4.The application is supported by the affidavit of Kariuki King’ori sworn on 6th July 2021 and opposed by NCBA through the further affidavit of Joseph Nyaga sworn on 13th July 2021. The applications were disposed of by way of written submissions filed by the parties.
5.Even though there are some disputed facts, there are some common and undisputed facts that make it possible for the court to understand the dispute between the parties. Sometime in 2014, the Company approached NCBA for a loan facility through the Offer Letter dated 16th June 2014. NCBA agreed to advance the Company KES 160,000,000.00, “to finance the purchase of a commercial building in Nairobi City” that was to be secured by inter alia a charge over the property LR No. 209/1817, Nairobi (“the suit property”). Sometime in 2015, the Company defaulted in its repayment obligations and NCBA initiated the process of exercising its statutory power of sale by selling the suit property by instructing the 2nd Defendant (“the Auctioneer’) to advertise the suit property for sale. This action by the 1st and 2nd Defendants led the Company to file this suit and application.
6.Equity was joined to this suit as the 3rd Defendant on 8th July 2021. It lays claim to the suit property. It states that by the Letter of Offer dated 7th August 2014, it also agreed to finance the Company by advancing KES 160,000,000.00 to it for the acquisition of the suit property from Henkam Limited. As a result, a transfer was effected in the Company’s name and a First Legal Charge was registered in its favour over the suit property on 9th October 2014 to secure the facility.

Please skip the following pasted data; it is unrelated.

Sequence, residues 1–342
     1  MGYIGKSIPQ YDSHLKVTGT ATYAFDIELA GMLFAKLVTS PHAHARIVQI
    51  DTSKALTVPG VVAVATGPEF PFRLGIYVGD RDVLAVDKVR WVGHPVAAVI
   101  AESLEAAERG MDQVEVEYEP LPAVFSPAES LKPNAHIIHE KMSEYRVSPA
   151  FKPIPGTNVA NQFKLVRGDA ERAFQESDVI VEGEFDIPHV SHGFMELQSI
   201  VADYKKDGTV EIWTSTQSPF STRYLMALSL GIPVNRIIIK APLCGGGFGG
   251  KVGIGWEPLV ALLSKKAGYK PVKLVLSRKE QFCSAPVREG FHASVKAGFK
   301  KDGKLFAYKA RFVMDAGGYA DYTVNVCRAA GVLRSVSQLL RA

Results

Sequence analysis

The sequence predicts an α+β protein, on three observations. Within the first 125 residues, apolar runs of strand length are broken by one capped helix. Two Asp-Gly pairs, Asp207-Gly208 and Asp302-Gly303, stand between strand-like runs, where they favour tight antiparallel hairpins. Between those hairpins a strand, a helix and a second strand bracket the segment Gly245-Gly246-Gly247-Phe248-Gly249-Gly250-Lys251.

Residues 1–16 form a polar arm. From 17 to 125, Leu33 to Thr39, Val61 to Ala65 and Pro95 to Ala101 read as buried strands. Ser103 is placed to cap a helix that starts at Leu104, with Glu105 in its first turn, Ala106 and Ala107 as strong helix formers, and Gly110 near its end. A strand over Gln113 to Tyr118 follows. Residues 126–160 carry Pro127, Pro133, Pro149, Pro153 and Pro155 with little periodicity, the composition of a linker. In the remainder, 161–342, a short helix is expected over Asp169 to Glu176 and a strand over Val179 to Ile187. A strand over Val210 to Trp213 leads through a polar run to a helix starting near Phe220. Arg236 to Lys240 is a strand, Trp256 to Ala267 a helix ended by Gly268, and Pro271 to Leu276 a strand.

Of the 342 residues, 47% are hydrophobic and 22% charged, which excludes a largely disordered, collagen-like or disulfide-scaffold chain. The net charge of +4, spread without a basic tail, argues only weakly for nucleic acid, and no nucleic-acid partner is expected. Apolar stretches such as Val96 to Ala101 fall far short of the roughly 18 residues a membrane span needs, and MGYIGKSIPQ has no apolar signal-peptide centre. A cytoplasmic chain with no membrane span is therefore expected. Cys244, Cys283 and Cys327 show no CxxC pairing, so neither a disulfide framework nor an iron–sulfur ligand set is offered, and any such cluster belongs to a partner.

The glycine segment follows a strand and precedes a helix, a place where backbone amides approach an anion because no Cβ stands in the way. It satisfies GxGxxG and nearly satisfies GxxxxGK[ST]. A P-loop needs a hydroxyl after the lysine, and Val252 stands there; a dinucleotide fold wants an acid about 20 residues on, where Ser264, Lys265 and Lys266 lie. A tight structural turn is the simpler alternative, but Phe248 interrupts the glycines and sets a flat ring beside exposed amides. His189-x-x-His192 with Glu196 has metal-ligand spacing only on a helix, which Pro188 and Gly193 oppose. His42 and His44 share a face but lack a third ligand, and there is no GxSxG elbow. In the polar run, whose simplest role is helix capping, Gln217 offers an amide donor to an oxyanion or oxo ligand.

7.With the above facts in mind, I now turn to the parties’ positions in both applicationsThe Company’s Application
8.From the Plaint, the Company states that even though it approached NCBA for a facility of KES. 160,000,000.00, no charge was ever created and registered over the Suit property in favour of NCBA and no money was disbursed to it but to a law firm, Khaemba & Associates Advocates. The Company impugns the intended sale on the ground that NCBA intends to exercise a non-existent statutory power in realization of a security it does not hold and which is void in law as the Company and its sister companies have had differences with NCBA over management of their accounts and their businesses in general as NCBA has been their bankers for a long time and the intended sale is an effort to exert pressure on the Company to honour other unsecured obligations.